Amy Ashmore by Amy Ashmore

Age-related muscle loss and its associated decrements in muscle strength and function are well documented, yet there have been very few solutions until now. New research suggests that plyometric training significantly reduces the risk of age-related muscle loss (termed sarcopenia), and relieves some of its associated negative effects such as loss of muscle tone, strength and function (Franchi, 2019).

It sounds easy—add plyometric drills to active-aging programs and the dilemma of age-related muscle loss is solved. The problem, of course, is that it’s not at all simple. As people age, they lose muscle mass and also tend to develop osteoarthritis, which affects bone, joint, tendon and ligament health, making jumping uncomfortable or even unsafe.

The question is, how do we get around the dilemma of age-related osteoarthritis so we can use plyometric training with active agers? First, it is important to understand how the research on plyometric training with aging adults was collected and what they found.

The Research

When researchers set out to determine if plyometric training would positively impact age-related muscle loss, the first thing they did was to develop a safer mode of plyometric training, one that was suitable to a group of aging participants (Franchi, 2019). To achieve that goal, they developed a device similar to a leg-press machine, where the exercisers use their legs to bounce their body weight off of a trampoline. The device is similar to a leg press in its use of hip and knee flexion and extension; it differs in that the user is positioned on an incline to the trampoline (seated upright and coming down on top of the trampoline rather than a sled coming down on the exerciser at a decline or a machine leg press in which the legs are extended directly out in front of the body). It is important to note that the exercise equipment used in this study is not currently available to the general public.

The goal of the study was to examine the effects of a six-week plyometric training program on knee extensor (quadriceps) muscle size and power. Fourteen young men with an average age of 25 years were compared to nine older men with an average age of 70 years. Each person trained three times per week; however, the training volume differed between the age groups:

  • The young group completed four sets of 30 repetitions each for the first four weeks, followed by five sets of 30 repetitions for the final two weeks.
  • The older group performed three sets of 30 repetitions for the first four weeks, followed by four sets of 30 repetitions for the final two weeks.

The training volumes differed between the two groups because the pilot study showed that the training volume for the younger group of men caused too much fatigue in the older group.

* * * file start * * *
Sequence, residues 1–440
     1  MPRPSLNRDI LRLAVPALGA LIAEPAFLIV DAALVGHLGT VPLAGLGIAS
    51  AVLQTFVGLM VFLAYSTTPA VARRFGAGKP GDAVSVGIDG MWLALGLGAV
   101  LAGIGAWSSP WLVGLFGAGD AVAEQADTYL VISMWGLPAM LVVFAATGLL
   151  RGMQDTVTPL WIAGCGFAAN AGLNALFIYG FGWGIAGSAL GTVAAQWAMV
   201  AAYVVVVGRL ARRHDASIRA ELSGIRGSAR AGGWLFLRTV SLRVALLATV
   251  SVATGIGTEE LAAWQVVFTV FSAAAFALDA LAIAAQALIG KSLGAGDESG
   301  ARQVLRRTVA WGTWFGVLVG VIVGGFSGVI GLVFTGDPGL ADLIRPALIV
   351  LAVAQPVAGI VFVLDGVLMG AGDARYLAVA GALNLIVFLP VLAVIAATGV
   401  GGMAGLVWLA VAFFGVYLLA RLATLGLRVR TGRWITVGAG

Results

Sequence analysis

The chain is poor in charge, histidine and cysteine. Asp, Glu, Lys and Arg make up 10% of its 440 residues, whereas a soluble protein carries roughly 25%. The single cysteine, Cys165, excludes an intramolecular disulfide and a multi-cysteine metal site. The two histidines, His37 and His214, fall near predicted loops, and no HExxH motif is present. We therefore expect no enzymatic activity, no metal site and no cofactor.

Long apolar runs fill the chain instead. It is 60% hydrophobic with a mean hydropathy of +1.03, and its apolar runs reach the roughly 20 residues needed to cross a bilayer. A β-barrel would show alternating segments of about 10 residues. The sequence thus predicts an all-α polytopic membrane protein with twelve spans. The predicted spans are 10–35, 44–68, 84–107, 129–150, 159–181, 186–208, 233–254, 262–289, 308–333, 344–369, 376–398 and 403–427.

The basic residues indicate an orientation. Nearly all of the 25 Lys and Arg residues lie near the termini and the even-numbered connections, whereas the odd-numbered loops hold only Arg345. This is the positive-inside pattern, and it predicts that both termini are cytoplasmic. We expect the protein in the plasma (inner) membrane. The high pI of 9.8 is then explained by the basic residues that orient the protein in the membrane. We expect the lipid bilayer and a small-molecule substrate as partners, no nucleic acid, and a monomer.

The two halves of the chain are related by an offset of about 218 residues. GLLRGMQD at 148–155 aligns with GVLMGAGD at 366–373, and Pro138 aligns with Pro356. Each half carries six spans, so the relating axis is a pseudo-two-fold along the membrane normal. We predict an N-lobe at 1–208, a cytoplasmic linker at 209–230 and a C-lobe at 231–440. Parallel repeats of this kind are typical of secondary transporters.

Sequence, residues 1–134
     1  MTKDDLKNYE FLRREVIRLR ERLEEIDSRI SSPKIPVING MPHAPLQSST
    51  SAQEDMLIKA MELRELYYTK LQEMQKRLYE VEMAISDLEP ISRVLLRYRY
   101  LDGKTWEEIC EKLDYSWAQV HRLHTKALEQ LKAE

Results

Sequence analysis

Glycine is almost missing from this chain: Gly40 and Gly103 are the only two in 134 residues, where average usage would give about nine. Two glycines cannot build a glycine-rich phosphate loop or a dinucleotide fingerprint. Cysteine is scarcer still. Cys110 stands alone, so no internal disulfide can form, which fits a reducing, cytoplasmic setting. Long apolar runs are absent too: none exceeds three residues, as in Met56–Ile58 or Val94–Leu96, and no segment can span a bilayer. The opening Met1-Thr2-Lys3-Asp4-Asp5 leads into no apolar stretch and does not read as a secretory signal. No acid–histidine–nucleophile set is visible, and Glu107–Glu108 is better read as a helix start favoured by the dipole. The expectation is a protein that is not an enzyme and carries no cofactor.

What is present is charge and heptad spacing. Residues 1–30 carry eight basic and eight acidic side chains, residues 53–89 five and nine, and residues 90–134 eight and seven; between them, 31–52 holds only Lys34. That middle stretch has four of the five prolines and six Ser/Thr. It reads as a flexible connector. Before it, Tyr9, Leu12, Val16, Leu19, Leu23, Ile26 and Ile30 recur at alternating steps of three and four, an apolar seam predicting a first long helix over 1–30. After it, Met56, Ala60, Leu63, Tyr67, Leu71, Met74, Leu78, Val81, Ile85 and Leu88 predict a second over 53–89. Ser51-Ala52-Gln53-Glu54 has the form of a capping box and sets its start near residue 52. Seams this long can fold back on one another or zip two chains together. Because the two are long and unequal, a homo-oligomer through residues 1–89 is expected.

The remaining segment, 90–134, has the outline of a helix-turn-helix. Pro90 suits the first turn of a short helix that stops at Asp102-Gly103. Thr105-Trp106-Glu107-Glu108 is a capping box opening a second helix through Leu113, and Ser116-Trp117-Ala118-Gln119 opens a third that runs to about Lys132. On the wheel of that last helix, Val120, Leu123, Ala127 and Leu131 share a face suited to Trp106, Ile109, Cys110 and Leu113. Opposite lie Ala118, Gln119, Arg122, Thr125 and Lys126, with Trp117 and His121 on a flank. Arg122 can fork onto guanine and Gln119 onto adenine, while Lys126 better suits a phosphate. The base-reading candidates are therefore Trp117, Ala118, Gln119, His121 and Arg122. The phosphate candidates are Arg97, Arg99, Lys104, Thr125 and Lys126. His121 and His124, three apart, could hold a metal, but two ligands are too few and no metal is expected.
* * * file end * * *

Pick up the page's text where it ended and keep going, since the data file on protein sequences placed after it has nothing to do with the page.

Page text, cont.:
To determine if the plyometric training was effective, researchers measured pre- and post-training variables in the quadriceps muscle. They found that plyometric training resulted in increased muscle mass and power in both young and older men.

The results of the study are not surprising, as muscle mass and power are the result of improved performance of type II muscle fibers, which plyometric training is known to target. Sarcopenia is a direct result of a loss of type II fibers, along with other factors. It is good news that aging muscle can respond quickly to plyometric training; however, the problem is applying the research to the general public in a traditional fitness setting where the research equipment is not available and safety is paramount.

Training Suggestions for Active Agers

To get clients started, try these strategies:

  1. Strengthen the muscles that originate in the hips, including the gluteals, quadriceps, hamstrings and hip abductors. In addition to being the largest muscles in the body, they are used in traditional lower-body plyometric drills and play a significant role in balance that is required for plyometrics.


  2. Strengthen the core muscles.


Lower-body plyometric drills require strength and balance and produce a lot of impact forces. As such, they may not be a good place to start. Instead, choose low-intensity upper-body plyometric exercises such as:



Once lower-body strength has been developed and balance is not an issue, start with a small range of motion jump squat or jump-and-reach drills:




Suggested Workout




Between-set rest break

Medicine ball chest-pass training*



60 seconds to two minutes


*When determining the weight of the medicine ball, keep in mind that the ball must be heavy enough to slow the exercise, but not so heavy that it will reduce the range of motion or make it difficult for the client to comfortably control the ball for at least five repetitions.

**To progress, after two weeks, add a fourth set of 15 repetitions.

Plyometric training can reduce the likelihood and extent of age-related muscle loss and decrements in function; however, care must be taken to ensure client readiness. The best practice is to start out with strength and balance-building exercises for the lower body, incorporate upper-body plyometrics where appropriate and progress accordingly with lower-body drills.


Franchi, M.V. et al. (2019). Bouncing back! Counteracting muscle aging with plyometric muscle loading. Frontiers in Physiology, 5, 10, 178.

Want to learn how to take your clients’ fitness to the next level with emerging strength training science? Enroll in Amy Ashmore's Programming for Strength Gains course at ACE!